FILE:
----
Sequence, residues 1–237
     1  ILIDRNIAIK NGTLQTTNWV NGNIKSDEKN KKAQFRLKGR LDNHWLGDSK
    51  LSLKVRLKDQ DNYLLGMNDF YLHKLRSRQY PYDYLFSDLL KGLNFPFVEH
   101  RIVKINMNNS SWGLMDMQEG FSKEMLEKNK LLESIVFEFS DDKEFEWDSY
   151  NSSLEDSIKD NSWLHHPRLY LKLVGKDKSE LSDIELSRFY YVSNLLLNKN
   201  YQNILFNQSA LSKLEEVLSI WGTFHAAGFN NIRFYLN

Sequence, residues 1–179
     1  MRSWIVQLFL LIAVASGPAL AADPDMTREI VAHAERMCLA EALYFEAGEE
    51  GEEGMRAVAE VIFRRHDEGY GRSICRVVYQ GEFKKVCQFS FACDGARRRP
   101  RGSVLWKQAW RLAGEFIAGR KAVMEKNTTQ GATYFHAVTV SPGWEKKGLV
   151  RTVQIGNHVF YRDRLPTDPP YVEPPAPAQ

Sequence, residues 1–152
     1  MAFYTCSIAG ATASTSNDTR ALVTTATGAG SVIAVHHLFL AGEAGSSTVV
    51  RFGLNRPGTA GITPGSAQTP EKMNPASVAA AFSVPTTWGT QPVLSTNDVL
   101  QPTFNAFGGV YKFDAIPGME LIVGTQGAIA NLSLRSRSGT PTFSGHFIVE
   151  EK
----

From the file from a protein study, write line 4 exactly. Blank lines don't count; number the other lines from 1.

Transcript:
   101  RIVKINMNNS SWGLMDMQEG FSKEMLEKNK LLESIVFEFS DDKEFEWDSY